No. 2020-0034

Supreme Court At-a-Glance Contributor Laura D. Devine, Civil Litigation Attorney, Boyle Shaughnessy Law, Manchester, NH

May 25, 2021

Affirmed.

 

  • Whether the Town of Hanover Zoning Board of Appeals has subject matter jurisdiction to hear a fraternity’s appeal from a notice of violation

 

A fraternity was suspended by its national organization and subsequently derecognized by Dartmouth College. Subsequently, the Town of Hanover served a notice of zoning violation onto the fraternity which stated that it could no longer use its fraternity house as a residence and stated the amount of a daily fine for a continuing violation. The fraternity appealed to the Town ZBA which initially granted the appeal and concluded that the fraternity had a valid nonconforming use. Dartmouth requested a re-hearing and the ZBA reversed its decision and denied the fraternity’s appeal. The fraternity then appealed the ZBA decision to the trial court which affirmed the decision. The fraternity then appealed the trial court ruling to the Supreme Court, which affirmed in part, vacated in part, and remanded for further proceedings.

While the case was pending before the ZBA on remand, the fraternity filed a petition for declaratory judgment arguing that the ZBA did not have subject matter jurisdiction over its first appeal from the notice of violation and the courts did not have the jurisdiction to review the ZBA’s decision as a result. In the declaratory judgment action, the fraternity argued that (1) the notice of violation commenced an informal enforcement proceeding against the fraternity; (2) the fraternity’s challenge was to the ZBA’s decision to enforce, not to the construction, application, or interpretation of the ordinance; (3) the courts, not the ZBA, have subject matter jurisdiction to adjudicate alleged violations of zoning ordinances; and (4) the ZBA violated the fraternity’s due process by unlawfully shifting the burden of proof to them. In response, the Town moved to dismiss and requested an award of attorney’s fees. The trial court denied the petition for declaratory judgment and rejected the fraternity’s argument that the notice was a discretionary decision to commence formal or informal enforcement proceedings.

The trial court determined that a notice of violation serves to provide notice that one is not in compliance with zoning to give an opportunity to remedy before enforcement. The trial court reasoned that the notice of violation was not enforcement. The trial court concluded that the notice was an administrative decision, not a discretionary decision to commence proceedings, and thus the ZBA had jurisdiction to hear the appeal. The court rejected the fraternity’s due process argument, and stated it was not deprived of any ascertainable interest protected by law as a result of the notice or the fraternity’s appeal to the ZBA. The trial court denied the Town’s motion for attorney’s fees without explanation.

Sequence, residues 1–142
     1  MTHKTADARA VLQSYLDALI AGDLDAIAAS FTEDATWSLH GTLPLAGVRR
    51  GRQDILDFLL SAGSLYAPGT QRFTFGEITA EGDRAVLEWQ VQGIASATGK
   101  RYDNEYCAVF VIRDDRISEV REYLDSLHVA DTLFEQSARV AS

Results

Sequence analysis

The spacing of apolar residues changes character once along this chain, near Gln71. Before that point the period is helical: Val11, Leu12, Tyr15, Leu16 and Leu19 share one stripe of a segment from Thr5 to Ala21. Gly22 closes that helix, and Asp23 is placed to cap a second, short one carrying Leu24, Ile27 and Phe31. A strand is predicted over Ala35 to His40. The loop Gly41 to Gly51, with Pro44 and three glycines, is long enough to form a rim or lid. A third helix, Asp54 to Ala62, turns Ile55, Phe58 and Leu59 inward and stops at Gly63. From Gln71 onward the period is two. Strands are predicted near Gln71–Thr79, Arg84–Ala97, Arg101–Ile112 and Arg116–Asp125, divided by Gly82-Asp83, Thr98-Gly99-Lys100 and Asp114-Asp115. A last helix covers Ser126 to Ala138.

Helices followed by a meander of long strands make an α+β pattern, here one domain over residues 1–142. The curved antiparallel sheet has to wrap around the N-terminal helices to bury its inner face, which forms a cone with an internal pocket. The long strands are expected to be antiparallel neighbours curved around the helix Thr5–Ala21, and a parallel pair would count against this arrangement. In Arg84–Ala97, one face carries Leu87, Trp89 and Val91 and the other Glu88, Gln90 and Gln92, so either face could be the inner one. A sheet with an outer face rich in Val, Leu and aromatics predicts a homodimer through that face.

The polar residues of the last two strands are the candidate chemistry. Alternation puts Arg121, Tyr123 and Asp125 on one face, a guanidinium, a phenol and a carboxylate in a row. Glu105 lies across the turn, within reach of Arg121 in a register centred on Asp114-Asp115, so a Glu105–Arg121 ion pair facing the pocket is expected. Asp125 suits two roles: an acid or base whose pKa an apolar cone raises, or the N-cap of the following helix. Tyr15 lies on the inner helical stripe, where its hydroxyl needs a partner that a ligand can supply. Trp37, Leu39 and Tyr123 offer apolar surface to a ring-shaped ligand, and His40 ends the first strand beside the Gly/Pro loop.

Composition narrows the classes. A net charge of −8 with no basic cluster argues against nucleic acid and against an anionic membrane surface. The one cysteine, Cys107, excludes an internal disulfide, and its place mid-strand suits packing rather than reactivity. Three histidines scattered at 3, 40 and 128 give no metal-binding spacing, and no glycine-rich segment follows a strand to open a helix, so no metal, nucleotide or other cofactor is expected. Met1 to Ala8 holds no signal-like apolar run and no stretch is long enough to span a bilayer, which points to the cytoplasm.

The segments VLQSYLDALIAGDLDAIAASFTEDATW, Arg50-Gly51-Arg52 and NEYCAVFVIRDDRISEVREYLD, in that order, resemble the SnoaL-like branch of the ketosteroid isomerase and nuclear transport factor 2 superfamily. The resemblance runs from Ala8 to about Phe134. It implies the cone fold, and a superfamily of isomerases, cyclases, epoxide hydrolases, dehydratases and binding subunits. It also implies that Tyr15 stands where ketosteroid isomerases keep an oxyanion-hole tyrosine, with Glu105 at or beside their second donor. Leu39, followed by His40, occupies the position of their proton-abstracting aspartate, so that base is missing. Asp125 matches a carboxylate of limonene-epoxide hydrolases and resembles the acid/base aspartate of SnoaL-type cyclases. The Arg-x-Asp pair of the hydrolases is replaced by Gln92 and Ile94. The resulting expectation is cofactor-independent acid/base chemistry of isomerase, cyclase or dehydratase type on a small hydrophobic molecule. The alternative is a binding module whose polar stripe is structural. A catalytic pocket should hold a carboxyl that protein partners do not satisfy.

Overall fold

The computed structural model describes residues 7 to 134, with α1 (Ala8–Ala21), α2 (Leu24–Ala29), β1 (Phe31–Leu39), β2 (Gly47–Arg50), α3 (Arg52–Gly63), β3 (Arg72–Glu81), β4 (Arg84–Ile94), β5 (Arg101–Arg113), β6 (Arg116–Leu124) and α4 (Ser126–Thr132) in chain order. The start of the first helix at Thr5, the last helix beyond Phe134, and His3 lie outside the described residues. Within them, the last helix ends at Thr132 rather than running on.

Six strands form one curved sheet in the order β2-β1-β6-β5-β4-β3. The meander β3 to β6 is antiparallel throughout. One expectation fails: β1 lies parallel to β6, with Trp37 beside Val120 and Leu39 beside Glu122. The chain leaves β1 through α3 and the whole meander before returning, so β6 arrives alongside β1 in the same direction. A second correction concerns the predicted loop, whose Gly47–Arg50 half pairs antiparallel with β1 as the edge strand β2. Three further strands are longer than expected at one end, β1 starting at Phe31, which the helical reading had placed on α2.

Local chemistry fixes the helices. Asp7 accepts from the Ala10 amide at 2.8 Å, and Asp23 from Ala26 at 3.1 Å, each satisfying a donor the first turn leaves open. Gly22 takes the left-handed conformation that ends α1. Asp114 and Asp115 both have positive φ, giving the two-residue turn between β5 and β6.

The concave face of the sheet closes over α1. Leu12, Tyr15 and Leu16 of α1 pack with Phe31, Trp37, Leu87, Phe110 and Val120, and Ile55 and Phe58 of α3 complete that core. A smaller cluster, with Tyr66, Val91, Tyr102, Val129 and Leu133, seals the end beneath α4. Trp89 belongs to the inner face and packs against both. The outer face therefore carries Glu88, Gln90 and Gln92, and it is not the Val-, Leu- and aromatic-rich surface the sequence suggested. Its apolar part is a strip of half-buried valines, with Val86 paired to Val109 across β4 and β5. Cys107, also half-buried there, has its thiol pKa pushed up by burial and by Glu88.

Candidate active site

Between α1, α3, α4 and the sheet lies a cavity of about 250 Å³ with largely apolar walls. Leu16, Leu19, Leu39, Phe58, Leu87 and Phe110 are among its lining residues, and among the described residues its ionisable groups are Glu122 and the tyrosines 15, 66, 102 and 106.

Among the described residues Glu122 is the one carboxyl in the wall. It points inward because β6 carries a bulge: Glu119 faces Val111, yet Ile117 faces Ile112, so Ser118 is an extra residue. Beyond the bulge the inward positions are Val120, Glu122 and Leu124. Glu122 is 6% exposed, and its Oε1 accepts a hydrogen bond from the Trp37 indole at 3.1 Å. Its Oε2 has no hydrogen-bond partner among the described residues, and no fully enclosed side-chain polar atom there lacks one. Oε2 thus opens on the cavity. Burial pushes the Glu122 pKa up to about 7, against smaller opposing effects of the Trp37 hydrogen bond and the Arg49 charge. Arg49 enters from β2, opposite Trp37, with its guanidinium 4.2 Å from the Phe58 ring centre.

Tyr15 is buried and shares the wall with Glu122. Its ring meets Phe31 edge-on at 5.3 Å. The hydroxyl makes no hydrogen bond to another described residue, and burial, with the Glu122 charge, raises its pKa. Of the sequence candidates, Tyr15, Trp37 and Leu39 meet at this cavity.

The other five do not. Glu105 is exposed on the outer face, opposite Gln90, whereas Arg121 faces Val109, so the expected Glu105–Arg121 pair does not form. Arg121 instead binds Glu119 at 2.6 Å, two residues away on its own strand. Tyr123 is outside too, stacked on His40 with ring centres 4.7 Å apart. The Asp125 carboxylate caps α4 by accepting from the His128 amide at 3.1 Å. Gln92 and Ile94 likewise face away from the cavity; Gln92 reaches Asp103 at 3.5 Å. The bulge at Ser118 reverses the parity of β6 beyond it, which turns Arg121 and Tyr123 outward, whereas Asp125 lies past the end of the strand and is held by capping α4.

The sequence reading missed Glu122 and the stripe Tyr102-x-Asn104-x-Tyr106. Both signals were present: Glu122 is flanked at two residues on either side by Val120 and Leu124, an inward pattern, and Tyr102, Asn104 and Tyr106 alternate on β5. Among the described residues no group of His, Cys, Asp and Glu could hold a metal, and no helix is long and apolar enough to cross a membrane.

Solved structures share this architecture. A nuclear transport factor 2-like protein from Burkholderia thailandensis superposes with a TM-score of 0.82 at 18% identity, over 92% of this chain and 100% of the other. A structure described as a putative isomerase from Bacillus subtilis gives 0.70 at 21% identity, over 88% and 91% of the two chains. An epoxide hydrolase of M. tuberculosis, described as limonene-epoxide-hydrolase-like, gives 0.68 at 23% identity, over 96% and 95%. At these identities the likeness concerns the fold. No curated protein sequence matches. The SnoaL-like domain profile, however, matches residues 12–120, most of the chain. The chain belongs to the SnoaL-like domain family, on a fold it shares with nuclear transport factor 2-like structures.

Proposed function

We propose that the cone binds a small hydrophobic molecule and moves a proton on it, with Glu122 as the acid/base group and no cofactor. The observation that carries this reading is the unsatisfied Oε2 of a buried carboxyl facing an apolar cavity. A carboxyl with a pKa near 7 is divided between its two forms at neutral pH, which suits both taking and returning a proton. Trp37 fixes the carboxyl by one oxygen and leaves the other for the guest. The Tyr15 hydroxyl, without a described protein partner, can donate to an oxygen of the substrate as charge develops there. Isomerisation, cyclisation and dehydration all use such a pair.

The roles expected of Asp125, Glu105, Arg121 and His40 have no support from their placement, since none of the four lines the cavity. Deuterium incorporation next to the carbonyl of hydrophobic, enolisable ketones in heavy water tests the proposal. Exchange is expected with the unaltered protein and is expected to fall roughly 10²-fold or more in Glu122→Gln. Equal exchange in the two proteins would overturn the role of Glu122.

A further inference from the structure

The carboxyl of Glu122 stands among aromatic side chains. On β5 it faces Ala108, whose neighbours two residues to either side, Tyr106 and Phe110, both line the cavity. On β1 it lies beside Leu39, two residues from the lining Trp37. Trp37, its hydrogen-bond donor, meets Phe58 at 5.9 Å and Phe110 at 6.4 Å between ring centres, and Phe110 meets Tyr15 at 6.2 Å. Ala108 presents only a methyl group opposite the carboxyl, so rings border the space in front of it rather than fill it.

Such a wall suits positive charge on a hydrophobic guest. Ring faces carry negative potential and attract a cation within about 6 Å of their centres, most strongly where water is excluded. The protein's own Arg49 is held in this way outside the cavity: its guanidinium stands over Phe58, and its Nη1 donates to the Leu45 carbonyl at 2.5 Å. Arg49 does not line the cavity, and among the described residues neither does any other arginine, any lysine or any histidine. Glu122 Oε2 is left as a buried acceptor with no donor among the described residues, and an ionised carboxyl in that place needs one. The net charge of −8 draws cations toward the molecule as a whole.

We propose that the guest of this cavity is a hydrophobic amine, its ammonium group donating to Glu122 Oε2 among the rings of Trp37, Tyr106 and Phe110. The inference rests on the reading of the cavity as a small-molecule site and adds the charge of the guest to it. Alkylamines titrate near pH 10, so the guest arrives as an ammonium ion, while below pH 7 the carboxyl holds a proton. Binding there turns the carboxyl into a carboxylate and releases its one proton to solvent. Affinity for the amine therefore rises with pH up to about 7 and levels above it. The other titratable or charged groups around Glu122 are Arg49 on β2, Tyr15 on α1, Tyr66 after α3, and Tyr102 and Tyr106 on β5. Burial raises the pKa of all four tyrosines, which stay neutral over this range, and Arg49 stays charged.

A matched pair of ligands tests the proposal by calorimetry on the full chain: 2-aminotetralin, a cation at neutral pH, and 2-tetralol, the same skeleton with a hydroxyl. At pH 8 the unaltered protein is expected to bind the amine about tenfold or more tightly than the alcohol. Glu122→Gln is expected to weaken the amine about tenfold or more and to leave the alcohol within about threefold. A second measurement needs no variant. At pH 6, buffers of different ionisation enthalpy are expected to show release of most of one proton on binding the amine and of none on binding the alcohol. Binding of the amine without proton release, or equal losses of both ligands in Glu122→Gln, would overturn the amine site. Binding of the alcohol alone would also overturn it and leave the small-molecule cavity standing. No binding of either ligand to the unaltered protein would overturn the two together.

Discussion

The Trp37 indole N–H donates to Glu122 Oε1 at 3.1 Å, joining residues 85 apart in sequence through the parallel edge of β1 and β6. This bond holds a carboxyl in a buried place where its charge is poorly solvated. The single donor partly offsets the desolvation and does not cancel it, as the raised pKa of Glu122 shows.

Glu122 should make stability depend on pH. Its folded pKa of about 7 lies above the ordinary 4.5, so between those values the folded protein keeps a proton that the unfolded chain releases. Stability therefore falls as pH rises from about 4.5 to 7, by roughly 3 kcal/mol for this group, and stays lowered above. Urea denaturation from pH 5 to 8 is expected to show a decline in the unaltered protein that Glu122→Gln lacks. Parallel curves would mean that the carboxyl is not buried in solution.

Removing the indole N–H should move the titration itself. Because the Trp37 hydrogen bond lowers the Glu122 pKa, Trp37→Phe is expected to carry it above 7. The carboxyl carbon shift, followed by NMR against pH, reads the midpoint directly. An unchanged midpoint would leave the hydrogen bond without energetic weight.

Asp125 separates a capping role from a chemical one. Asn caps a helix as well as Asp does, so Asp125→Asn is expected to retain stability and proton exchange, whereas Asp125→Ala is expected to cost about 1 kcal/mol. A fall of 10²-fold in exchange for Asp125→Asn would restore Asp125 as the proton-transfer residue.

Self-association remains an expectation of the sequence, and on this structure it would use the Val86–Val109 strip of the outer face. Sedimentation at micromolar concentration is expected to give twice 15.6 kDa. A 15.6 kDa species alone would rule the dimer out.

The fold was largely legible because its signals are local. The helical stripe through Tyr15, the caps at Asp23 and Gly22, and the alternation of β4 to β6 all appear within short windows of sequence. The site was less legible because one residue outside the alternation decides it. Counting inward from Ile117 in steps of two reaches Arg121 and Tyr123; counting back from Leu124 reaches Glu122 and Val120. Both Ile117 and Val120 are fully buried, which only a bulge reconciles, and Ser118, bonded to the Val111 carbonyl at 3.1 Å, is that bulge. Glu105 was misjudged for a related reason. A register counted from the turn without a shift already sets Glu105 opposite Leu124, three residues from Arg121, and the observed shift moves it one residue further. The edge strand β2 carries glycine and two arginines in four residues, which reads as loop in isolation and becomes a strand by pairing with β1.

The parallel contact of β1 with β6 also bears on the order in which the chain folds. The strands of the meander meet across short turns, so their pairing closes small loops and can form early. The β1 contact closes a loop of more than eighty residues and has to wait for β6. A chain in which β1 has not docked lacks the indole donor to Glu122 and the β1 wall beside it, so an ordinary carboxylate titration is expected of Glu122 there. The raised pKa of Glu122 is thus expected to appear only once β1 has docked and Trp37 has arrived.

In its decision affirming the trial court’s rulings. The Court observed that the ZBA’s powers and jurisdiction are established by statute. The Court agreed with the fraternity that a municipality seeking to prosecute and impose penalties upon a defendant for a zoning violation must pursue such action in circuit or superior court. However, the Court agreed with the Town that the stage of a notice of zoning violation and subsequent appeal are not a prosecution of a zoning violation.

The Court concluded that the ZBA had subject matter jurisdiction to hear the fraternity’s appeal from a notice of violation because it is an administrative decision, not a discretionary decision.

Regarding the denial of attorneys’ fees, the Court noted that the general rule is that each party must pay its own fees. The Court concluded that there was no evidence of bad faith or intentional delay and the nature of the issue and arguments provide some support in the record for the trial court’s determination and therefore the denial of attorney’s fees was upheld.

 

Carolyn Cole, Cole Associates Civil Law, Lebanon, for the plaintiff. Laura Spector-Morgan, Mitchell Municipal Group. Laconia, for the defendant.